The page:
I’ll be surprised if this REIT doesn’t double in value
STORE Capital (NYSE: STOR) might not sound like the most exciting venture at first glance. The company buys stand-alone real estate and leases its properties to businesses such as restaurants, furniture stores, and car washes – not exactly one of the tech headlines that have made headlines in recent times. time.
However, it is a very important concept for investors to know that a boring business does not necessarily mean boring. Return. Here’s a quick look at how STORE Capital’s business is and why I think it could double over the next few years – and start over and over again.
STORE Capital in brief
STORE Capital is a net leasehold real estate investment trust, or REIT, which owns single tenant properties occupied by retail, service and manufacturing businesses. (Note that the letters in STORE are in upper case because the name stands for Single Tenant Operational Real Estate.)
At the end of 2020, STORE Capital’s portfolio consisted of 2,634 buildings leased to 519 different tenants. About 65% of the rent comes from companies in the service sector, such as restaurants, health clubs and auto repair shops, to name a few examples. Another 18% comes from retail renters, with furniture and farm and ranch supply stores among the major subcategories. Finally, the remainder comes from manufacturing companies such as metal fabrication shops and food processing companies. Bass Pro Shop, Ashley HomeStore and Camping world (NYSE: CWH) are a few examples of major STORE Capital tenants you may know.
STORE rents its properties to tenants on a triple net basic, which means tenants agree to long-term rental terms with annual rent increases (called escalators) built in. Plus, tenants pay the variable costs of ownership – especially taxes, insurance, and maintenance. All STORE Capital has to do is build a high quality tenant and enjoy years of predictable and growing income.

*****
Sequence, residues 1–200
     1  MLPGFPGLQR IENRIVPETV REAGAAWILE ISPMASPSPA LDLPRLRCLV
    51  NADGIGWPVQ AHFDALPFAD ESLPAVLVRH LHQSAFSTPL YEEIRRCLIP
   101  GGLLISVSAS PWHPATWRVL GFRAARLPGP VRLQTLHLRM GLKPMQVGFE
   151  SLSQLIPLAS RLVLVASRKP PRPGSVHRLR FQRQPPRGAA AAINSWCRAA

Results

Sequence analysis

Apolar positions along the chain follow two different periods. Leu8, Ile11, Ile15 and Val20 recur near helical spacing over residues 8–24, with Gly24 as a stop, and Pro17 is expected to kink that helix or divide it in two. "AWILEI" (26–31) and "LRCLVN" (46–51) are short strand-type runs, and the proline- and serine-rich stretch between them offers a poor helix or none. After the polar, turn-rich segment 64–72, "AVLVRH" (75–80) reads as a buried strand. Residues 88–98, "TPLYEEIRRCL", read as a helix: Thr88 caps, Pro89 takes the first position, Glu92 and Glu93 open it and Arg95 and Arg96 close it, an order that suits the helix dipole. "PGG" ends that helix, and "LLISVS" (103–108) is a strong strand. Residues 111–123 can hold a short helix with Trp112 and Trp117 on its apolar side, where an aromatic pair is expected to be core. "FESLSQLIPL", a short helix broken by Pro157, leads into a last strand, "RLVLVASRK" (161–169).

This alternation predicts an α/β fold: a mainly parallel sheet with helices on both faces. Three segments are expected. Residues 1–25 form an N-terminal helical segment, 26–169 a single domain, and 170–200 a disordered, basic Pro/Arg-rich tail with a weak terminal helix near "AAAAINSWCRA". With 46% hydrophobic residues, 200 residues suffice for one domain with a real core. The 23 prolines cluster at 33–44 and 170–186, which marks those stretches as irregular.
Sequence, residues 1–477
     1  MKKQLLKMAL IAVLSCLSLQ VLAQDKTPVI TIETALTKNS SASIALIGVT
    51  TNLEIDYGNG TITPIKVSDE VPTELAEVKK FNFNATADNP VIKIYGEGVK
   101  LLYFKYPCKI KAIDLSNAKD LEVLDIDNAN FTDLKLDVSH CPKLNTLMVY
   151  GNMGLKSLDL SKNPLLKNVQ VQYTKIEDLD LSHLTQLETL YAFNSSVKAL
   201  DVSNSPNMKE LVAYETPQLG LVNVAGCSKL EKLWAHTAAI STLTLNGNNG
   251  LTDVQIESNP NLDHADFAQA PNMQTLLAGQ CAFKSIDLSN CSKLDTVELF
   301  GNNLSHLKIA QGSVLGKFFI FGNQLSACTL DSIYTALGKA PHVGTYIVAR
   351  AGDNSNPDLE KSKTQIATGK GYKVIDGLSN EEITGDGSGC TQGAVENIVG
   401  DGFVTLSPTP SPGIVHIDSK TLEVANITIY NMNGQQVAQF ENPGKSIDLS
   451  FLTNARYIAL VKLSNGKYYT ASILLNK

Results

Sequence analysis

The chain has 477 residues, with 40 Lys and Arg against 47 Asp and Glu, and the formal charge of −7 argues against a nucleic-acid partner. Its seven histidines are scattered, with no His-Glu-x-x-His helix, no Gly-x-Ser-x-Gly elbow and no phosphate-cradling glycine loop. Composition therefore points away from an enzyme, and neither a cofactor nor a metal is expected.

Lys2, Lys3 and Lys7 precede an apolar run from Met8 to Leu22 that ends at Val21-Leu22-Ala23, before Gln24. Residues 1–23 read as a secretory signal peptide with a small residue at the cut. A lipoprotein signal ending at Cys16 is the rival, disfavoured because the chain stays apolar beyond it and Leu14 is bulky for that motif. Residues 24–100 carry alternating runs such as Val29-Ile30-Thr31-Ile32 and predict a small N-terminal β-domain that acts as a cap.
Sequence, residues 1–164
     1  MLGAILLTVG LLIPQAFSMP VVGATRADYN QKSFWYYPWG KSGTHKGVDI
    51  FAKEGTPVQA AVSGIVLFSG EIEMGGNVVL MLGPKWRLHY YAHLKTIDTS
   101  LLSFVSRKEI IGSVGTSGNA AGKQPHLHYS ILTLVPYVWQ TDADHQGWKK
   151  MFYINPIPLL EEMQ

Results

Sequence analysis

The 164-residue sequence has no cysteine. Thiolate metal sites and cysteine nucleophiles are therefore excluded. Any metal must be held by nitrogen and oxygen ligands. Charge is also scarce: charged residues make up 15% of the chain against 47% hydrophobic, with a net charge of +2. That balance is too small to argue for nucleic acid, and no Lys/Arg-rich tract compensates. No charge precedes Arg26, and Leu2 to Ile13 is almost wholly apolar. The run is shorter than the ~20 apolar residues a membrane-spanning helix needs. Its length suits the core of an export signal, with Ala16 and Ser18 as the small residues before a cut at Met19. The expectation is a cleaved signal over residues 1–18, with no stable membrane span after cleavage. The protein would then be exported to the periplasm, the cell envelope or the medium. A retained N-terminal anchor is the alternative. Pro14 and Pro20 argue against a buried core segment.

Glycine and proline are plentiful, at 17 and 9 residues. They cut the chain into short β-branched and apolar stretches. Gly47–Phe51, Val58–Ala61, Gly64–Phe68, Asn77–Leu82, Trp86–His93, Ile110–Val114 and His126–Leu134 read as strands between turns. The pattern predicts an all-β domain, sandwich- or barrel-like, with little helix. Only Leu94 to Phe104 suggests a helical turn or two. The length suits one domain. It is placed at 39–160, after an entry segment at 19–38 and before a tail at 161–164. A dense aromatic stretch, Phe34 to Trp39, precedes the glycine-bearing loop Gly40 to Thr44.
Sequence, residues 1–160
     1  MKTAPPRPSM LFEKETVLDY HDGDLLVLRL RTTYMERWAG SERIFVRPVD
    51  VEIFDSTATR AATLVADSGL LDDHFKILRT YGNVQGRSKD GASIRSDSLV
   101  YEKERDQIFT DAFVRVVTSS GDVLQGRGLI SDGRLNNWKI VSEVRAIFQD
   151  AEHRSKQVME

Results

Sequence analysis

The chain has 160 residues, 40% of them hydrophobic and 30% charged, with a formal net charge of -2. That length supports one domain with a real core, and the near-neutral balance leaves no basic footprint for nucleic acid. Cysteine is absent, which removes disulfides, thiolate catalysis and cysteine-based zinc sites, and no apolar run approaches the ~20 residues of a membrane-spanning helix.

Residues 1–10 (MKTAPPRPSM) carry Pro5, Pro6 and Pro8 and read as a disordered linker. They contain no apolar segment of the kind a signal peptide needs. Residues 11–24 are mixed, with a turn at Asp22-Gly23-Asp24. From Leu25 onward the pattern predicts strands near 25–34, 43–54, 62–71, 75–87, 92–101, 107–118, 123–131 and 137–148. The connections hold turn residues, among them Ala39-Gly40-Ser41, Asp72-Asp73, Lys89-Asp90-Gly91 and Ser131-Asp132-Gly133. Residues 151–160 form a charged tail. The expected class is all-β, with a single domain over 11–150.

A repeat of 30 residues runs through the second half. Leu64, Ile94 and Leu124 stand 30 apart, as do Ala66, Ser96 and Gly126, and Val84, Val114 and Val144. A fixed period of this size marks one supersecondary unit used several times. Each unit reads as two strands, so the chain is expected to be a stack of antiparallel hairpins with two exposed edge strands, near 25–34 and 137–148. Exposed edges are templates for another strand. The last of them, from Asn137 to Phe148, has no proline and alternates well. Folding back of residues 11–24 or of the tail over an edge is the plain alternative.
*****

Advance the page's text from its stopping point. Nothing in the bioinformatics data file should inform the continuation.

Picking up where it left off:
Tons of growth potential
STORE Capital’s primary method of growth is acquisition, and the company is certainly taking an aggressive approach. In 2020, STORE spent $ 1.09 billion on acquisitions and the company plans to spend at least $ 1 billion this year. Keep in mind that STORE’s total market cap is around $ 9 billion.
It’s no wonder the company is so ambitious. STORE funds its growth strategy through a combination of retained earnings (it pays about 70% of its funds from operations), new shares issued (which raised $ 686 million in 2020) and debt.
And the part financed by debt has a particularly favorable economy. The average capitalization rate, or initial yield, of properties acquired by STORE is over 8%, and the company’s most recent 10-year debt issue came with an interest rate of just 2.75. %. As a long-time REIT investor, I cannot stress enough the winning recipe for value creation.
And while it may not seem viable to acquire over $ 1 billion in real estate annually, you might be surprised. STORE Capital management estimates that there is currently around $ 3.9 trillion in the type of real estate it could potentially acquire.
It won’t double overnight, But…
STORE Capital has only been around for six years and has already produced a total return of 135% for its investors. And that might be just the start. Real estate income (NYSE: O), which has been a 27-year publicly traded REIT with a similar investing style, generated a total return of over 4,000% for its investors during that time period, an annualized return of approximately $ 15. %. A few quick calculations show that the stock has doubled investor money every five years throughout its history.
With excellent management, a very favorable cost of capital and a more aggressive growth strategy than its peers used at similar stages of their growth, there is no reason to believe that STORE cannot deliver the same kind of performance. (or even better) in the long run.